Feeds

Apple argues that blogger can't protect source

It would, wouldn't it?

Security for virtualized datacentres

A US appeals court has been hearing arguments in a case that tests the right of a blogger to protect his sources. Apple Computer wants to know who leaked details of a product called 'Asteroid' and expects bloggers to reveal the names.

ADetails of Asteroid, a music device, were leaked two years ago by PowerPage.org and other blogs. The blog owners say they are journalists and should be protected from revealing their confidential sources.

ZDNet reports that, on Thursday, Presiding Justice Conrad Rushing questioned whether the leaked information even amounted to a trade secret. "You don't really claim this is a new technology?," he asked. "This is plugging a guitar into a computer."

But Apple's lawyer characterised the leak as "a very serious theft".

The Electronic Frontier Foundation is representing the online journalists. It contends that Apple has no right to force the bloggers to reveal their sources.

Apple has sued several unnamed individuals, called "Does" (as in "John Doe" and "Jane Doe"), for allegedly leaking the information. According to the EFF, as part of the lawsuit, Apple has subpoenaed Nfox, the ISP for PowerPage publisher Jason O'Grady, demanding that the ISP turn over the communications and unpublished materials O'Grady obtained while he was gathering information for his articles. Apple was also granted permission to issue subpoenas directly to PowerPage and AppleInsider for similar information.

A trial court ruled last year that if a journalist publishes information that a business claims to be a trade secret, this act destroys constitutional protection for the journalist's confidential sources and unpublished materials.

EFF Staff Attorney Kurt Opsahl told the appeals court on Thursday that the subpoena to Nfox violated the federal Stored Communications Act, which prohibits direct subpoenas of email communications held by email service providers. Opsahl also argued that O'Grady and other journalists are entitled to protect their confidential source information under both the California constitution and the US constitution.

A ruling is expected within 90 days.

Copyright © 2006, OUT-LAW.com

OUT-LAW.COM is part of international law firm Pinsent Masons.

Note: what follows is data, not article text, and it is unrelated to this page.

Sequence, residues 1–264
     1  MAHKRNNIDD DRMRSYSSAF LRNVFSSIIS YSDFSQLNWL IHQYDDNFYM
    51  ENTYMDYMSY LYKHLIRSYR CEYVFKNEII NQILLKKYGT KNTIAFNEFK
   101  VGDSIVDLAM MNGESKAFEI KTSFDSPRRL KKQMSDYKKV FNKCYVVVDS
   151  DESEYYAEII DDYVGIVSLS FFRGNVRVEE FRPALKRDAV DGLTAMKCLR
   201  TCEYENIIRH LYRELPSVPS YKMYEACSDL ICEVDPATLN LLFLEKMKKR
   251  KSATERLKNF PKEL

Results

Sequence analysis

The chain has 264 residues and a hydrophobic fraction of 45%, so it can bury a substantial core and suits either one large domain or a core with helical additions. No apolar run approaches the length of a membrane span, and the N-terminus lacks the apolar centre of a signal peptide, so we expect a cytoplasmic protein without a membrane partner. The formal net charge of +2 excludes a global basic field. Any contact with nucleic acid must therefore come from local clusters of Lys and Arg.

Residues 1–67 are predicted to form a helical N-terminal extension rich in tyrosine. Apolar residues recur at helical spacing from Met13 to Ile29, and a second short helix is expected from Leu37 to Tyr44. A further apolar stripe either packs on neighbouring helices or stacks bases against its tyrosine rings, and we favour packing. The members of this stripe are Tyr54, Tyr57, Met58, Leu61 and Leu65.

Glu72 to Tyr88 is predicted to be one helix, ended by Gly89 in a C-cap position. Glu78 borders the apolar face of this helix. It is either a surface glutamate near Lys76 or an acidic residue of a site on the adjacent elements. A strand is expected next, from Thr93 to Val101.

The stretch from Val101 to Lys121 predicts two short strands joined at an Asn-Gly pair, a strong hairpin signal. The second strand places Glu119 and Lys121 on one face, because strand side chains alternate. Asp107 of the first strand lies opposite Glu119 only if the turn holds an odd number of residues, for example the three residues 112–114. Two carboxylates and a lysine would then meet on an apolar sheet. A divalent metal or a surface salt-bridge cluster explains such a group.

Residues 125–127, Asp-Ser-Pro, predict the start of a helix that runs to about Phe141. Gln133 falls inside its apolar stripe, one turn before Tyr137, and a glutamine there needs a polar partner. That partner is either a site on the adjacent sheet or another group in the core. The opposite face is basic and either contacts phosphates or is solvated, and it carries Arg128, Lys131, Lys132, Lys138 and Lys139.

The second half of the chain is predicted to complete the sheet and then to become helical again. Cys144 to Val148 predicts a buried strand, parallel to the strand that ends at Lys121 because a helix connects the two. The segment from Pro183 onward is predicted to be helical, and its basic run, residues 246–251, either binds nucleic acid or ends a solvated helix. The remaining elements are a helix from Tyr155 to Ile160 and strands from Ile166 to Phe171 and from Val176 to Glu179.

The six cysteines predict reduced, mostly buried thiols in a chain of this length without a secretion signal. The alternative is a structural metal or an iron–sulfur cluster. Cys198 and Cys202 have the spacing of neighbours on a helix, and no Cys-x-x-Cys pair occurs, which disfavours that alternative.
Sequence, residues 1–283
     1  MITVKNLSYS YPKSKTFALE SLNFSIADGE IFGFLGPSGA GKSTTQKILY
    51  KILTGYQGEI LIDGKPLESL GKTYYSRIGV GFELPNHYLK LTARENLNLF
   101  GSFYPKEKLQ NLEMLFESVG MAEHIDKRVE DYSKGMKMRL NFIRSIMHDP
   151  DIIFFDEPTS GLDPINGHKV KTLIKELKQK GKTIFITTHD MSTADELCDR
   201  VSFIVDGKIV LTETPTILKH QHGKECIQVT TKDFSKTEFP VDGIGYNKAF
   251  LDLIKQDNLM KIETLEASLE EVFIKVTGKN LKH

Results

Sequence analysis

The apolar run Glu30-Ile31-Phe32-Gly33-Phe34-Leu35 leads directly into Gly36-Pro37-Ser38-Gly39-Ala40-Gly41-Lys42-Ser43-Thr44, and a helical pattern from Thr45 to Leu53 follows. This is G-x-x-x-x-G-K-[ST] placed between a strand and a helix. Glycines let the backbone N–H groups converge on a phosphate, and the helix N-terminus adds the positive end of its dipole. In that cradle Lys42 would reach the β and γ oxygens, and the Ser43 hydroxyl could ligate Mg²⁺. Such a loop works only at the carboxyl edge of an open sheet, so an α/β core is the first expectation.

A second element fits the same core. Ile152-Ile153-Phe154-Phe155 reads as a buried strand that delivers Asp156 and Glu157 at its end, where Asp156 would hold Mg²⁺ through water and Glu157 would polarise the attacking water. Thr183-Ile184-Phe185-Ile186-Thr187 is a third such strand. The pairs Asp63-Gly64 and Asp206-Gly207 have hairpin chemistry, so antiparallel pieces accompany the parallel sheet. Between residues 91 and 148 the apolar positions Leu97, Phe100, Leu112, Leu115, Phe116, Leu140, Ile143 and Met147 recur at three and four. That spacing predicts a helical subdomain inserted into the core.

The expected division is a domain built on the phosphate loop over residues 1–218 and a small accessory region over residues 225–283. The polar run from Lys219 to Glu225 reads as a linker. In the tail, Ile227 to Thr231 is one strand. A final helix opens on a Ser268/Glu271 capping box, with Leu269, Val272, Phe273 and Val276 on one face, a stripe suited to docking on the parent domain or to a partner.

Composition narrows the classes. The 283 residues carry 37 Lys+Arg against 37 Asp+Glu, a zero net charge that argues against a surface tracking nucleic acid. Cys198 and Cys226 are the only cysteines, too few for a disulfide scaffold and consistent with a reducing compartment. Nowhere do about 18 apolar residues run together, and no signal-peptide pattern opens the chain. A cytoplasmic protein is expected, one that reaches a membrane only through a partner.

Beginner's guide to SSL certificates

More from The Register

next story
Bono apologises for iTunes album dump
Megalomania, generosity and FEAR of irrelevance drove group to Apple deal
Facebook, Apple: LADIES! Why not FREEZE your EGGS? It's on the company!
No biological clockwatching when you work in Silicon Valley
Doctor Who's Flatline: Cool monsters, yes, but utterly limp subplots
We know what the Doctor does, stop going on about it already
Arab States make play for greater government control of the internet
Nerds told to get lost in last-minute power grab bid at UN meeting
Apple SILENCES Bose, YANKS headphones from stores
The, er, Beats go on after noise-cancelling spat
Zippy one-liners, broken promises: Doctor Who on the Orient Express
Series finally hits stride, but Clara's U-turn is baffling
Don't bother telling people if you lose their data, say Euro bods
You read that right – with the proviso that it's encrypted
10 Top Tips For PRs Considering Whether To Phone The Register
You'll Read These And LOL Even Though They're Serious
Stop ROBOT exploitation, cry striking Foxconn workers
HP downturn and automation eroding overtime on China's production lines
prev story

Whitepapers

Forging a new future with identity relationship management
Learn about ForgeRock's next generation IRM platform and how it is designed to empower CEOS's and enterprises to engage with consumers.
Win a year’s supply of chocolate
There is no techie angle to this competition so we're not going to pretend there is, but everyone loves chocolate so who cares.
Why cloud backup?
Combining the latest advancements in disk-based backup with secure, integrated, cloud technologies offer organizations fast and assured recovery of their critical enterprise data.
High Performance for All
While HPC is not new, it has traditionally been seen as a specialist area – is it now geared up to meet more mainstream requirements?
Saudi Petroleum chooses Tegile storage solution
A storage solution that addresses company growth and performance for business-critical applications of caseware archive and search along with other key operational systems.